BY RON HAMIC (R) A listing of mine was recently advertised in one of those Nigerian real-estate rental ad scams on Craigslist that attempts to sucker people out of personal information, and wiring money to a Western Union account with promises of an UNREAL DEAL!

The scam is simple:

  1. The con artist pulls the photos and address of a home that is currently listed on the market off any consumer real estate website, and offers to rent it out to people via Craigslist for a price that is way under market value. (They are now looking up public tax records to use the actual homeowner’s name in the correspondence to potential renters! Often, they’ll even create Yahoo, Hotmail, or Gmail addresses with those names…)
  2. The “landlord” tells you about a family emergency/missionary work/military service that has called him away on a moment’s notice to a foreign country, and how he needs to find a renter A.S.A.P.
  3. He gets all your financial information and history via the “rental application,” and once you’ve been selected, requests you to wire your deposit and first month’s rent, so he can mail the keys to you.

I’m sure you’ve heard this a million times over, but I’m going to hammer them home again for the readers—“If it sounds too good to be true…it probably is!” Never, ever conduct any real estate transaction with someone you can’t meet or verify the identity of. This goes for consumers as well as real-estate practitioners. If you can’t see the home you are going to rent before signing a contract or making a deposit, something is definitely wrong!

Here’s an excerpt of the scammer’s email if you’re interested in seeing the pitch in action:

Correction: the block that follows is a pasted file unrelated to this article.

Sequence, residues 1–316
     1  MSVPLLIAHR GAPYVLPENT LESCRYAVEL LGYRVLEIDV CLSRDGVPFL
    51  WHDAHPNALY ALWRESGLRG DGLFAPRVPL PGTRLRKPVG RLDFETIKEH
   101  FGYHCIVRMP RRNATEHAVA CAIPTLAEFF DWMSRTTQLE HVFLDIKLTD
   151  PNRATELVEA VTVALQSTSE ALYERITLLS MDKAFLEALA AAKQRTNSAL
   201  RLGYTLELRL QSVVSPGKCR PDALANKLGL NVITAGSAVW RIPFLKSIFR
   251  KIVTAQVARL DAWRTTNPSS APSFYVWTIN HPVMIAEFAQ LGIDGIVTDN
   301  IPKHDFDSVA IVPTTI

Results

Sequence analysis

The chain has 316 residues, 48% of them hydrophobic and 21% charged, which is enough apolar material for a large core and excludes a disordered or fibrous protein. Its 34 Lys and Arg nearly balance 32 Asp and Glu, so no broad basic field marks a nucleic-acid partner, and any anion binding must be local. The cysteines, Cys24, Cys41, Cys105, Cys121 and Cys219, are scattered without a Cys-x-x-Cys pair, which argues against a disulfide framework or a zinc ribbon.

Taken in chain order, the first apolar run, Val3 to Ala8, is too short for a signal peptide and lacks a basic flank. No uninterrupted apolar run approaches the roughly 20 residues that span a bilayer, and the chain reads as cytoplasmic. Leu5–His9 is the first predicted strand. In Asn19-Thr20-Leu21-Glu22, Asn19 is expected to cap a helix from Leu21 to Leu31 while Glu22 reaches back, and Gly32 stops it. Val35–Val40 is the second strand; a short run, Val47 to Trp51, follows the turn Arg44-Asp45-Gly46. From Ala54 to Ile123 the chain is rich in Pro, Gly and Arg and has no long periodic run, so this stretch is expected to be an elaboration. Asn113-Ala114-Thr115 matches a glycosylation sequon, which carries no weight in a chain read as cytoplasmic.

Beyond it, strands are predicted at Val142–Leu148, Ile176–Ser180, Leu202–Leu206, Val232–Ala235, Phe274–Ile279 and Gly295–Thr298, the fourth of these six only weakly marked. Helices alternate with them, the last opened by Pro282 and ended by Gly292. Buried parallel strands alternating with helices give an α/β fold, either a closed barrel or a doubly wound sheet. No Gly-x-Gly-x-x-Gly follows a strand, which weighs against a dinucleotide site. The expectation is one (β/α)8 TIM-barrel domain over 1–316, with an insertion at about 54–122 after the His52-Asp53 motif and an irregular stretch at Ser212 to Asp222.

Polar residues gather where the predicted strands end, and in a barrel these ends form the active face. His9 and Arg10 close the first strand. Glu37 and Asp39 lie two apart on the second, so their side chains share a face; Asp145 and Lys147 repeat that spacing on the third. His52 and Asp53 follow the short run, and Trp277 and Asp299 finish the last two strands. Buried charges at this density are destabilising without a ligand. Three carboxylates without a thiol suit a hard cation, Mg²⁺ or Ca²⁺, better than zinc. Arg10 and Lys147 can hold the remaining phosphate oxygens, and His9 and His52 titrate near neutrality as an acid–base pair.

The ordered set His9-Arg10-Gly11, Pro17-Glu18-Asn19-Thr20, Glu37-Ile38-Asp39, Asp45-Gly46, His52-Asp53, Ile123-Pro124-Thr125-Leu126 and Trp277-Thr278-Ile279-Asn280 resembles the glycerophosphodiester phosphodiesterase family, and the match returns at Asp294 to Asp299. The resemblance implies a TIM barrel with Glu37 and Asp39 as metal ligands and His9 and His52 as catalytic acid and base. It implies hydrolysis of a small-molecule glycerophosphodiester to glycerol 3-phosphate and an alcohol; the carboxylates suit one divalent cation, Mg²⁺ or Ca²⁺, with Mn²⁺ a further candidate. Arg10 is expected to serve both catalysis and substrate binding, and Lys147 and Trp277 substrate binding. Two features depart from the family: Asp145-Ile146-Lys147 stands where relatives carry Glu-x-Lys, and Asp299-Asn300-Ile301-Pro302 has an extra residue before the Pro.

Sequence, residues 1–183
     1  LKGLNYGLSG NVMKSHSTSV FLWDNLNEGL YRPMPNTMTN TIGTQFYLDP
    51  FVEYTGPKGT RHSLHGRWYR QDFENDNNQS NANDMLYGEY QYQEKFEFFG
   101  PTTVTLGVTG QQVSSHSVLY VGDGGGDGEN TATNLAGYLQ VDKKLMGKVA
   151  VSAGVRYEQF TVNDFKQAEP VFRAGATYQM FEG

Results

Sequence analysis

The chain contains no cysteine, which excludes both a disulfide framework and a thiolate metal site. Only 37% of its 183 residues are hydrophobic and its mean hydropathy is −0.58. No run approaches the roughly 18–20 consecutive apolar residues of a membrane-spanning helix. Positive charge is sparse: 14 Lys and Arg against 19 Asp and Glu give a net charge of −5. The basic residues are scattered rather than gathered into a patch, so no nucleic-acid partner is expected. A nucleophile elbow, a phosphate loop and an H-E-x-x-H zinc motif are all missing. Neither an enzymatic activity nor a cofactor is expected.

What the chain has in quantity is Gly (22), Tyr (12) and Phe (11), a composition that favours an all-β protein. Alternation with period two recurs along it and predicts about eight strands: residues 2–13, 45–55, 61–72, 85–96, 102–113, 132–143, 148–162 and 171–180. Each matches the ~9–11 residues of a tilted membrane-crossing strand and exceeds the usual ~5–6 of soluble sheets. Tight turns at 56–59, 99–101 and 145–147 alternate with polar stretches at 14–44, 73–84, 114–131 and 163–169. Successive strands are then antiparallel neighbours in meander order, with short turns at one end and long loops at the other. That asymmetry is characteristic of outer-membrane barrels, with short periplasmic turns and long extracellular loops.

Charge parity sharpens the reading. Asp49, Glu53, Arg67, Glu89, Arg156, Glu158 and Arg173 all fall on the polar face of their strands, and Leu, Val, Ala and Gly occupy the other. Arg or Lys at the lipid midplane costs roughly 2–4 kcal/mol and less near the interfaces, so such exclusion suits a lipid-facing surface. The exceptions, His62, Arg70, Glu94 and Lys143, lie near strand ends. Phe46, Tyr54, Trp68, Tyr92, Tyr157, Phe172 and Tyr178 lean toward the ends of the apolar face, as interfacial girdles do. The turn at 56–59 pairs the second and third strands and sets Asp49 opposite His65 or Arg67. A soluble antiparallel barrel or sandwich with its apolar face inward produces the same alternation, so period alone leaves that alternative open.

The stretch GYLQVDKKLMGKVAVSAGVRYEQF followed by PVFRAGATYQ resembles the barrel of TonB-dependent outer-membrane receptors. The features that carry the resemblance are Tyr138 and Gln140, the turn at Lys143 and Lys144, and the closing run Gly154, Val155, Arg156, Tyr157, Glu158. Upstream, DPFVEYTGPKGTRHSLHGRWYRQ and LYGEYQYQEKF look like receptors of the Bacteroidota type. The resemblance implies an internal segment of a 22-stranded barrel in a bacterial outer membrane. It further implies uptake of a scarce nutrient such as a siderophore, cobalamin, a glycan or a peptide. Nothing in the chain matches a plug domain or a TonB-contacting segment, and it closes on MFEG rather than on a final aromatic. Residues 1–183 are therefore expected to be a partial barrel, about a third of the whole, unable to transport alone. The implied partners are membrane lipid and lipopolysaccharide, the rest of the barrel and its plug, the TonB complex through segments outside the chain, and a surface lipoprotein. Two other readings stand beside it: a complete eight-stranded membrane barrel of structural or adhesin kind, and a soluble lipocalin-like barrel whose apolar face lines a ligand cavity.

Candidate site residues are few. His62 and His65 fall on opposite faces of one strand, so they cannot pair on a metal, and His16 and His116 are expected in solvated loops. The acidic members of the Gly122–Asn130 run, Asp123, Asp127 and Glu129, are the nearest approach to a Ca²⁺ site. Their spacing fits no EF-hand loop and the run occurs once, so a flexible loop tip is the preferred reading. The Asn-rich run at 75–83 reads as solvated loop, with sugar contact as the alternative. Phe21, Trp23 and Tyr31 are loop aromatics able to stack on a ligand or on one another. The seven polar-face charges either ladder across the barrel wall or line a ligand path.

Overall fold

“Hi,

I did get your response concerning the AD I posted on Craigslist…The house is still available but presently I’m not around…I did bid for a portion of petroleum land sometime ago in West Africa and, fortunately, I won the bidding, so I have to move quickly down to Africa to have my company set up because I will still have to rebid for it in the next 10 years. I came over here with my wife, we both owned the house when we got married. As soon as we settled down here, I had a thought of selling the house, so I have to look for an agent, after getting one, we got a deal, but later my wife advised against that. She said we may not be able to win the bidding next time, in order to keep our head when we return that, we have to keep the house and it’s going to be available for up to 5 years…I reasoned with her and accepted her advise…So, I contacted the agent back and requested for my keys and documents. Later, we decided to have the house rent out because of maintenance, maintenance, i mean is by taking very good care of the house and i will be responsible for the repairs myself, we would have gave the same agent this job also, but the truth of the matter is that the agent would want to handle it professionally and the occupant may not be able to reason along with me later if I let him or her know that I’m letting it out because of the up keeping of the house…If you notice, you will discovered that the price we are offering is far below standard price, this is enough for you to know that we are not after the rental fee but the maintenance…I know there is no way I can be sure that you are the right person to live in the house because we won’t be able to see physical before sending you the keys and the documents to occupy the space…But I just had a feeling that anyone who knows what it takes to put the kind of structure down should know that up keeping of a building is mandatory, so if you belief you can take good care of the house and handle it like yours then I will be more than happy to let you rent the house. The rent is $1,000 and the deposit payment is $1,100.”

Needless to say, my clients were not thrilled about their $600,000 home being offered for rent at $1,000 per month, and the emails and phone calls they got from friends and family asking what was going on. It’s really surprising how many people browse these ads on a daily basis.

Do you have any real estate horror stories to share?

See more stories like this at HawaiiLife.com

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